The nuances of negotiating with a king

So you want to make a robot that talks to people.

It’s not as simple as you think. It’s hard to imagine the complexity of human language when it comes so naturally to you. Unlike visual design, where it’s pretty easy to self-determine whether or not you have artistic talent and ability (especially if you’re anything like me and struggle to draw even a passable stick figure). Because you have conversations with many different people constantly every day, it can be tempting to think that typing out a conversation with a robot will be easy, or at the very least — easier.

Here’s a thought experiment to illustrate this point.

Imagine you’re the queen and you are negotiating peace with a neighboring king. You’ve been fighting over 100 acres of land on the border of your two kingdoms, and you think you should just split it to avoid bloodshed. Neither you nor the king can travel, so you’re going to send your best adviser to negotiate. What advice do you give him?

The first part is easy – you tell your adviser to offer to split the land. But what if your adviser walks in and the king offers to take 25 acres and give you 75 since you have a bigger military? Or, what if the king wants a different 100 acres of your land in return for the 100 acres being disputed? What if at any point any of the offers being made by the adviser are misinterpreted to the point that war could be declared? This gets complicated quickly, and so far, we didn’t talk about the emotional considerations. What if the king is in a bad mood – should your adviser stall and wait until the king is in a better mood? If the king is in a great mood, should your adviser ask for all the land?

Furthermore, all these decisions and actions are based on assumptions and on the premise that the adviser truly understands that the core of the issue has to do with the dispute over the 100 acres of land. Wouldn’t it be worth the time and effort to do some preliminary work, identify the needs and expectations of each side, before you start coming up with negotiation techniques and words to use?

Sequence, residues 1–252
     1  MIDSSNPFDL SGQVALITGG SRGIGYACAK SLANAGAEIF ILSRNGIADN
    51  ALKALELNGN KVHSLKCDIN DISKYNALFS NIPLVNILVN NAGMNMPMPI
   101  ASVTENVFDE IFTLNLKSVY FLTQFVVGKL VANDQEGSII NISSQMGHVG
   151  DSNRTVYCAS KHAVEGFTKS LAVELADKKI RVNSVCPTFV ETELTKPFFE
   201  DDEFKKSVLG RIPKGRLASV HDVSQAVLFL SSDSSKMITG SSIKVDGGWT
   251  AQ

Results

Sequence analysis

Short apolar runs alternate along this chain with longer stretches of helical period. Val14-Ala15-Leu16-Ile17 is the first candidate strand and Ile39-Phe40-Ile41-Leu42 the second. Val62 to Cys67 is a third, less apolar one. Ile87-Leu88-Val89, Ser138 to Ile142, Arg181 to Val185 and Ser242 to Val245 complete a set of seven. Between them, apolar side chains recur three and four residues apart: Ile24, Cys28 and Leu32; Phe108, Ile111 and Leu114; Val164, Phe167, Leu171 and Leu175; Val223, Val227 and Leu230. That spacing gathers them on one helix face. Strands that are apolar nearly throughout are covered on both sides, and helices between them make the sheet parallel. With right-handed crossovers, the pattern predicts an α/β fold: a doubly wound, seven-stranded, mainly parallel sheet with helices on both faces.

Just because you have conversations every day doesn’t mean that you have successful ones every day. And even if you do have successful conversations every day, it doesn’t mean that you know why or how. Nor does it mean that you can deconstruct the underlying choices into a strong conversational system architecture that can support all of these scenarios and keep your user engaged, both from a high level game strategy perspective (what actions to take in different scenarios), and from a lower level tactical one (how to adjust your phrasing, depending on the specifics of the situation you’re in, for maximum effect).

The game is to design these conversational systems with enough logic that they can successfully automate more than 80% of the interactions that robots would encounter. It takes expert designers who know the game well.

So, before you send your robots in to interact with your customers, make sure you’ve done the preliminary work of gathering the right information and developing the appropriate “negotiation tactics”. But don’t do it alone. Find conversational design experts to help you through it.

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Elyse Kufeldt

About Elyse Kufeldt

Elyse Kufeldt is a Senior User Interface Designer in the Professional Services division at Nuance, primarily designing financial and health care IVR systems, and is the UI Lead for the ID/Authentication and Training SME teams. Prior to joining Nuance, Elyse worked as a VUI designer at VoiceBox Technologies where she designed speech and multimodal experiences for mobile, automotive and in-home products, specializing in process and best practice development for localization across 15+ languages and associated training. Elyse graduated from University of Washington with a degree in Russian and Linguistics and in her free time trains her own dogs for competition work and teaches other people how to work with their dogs.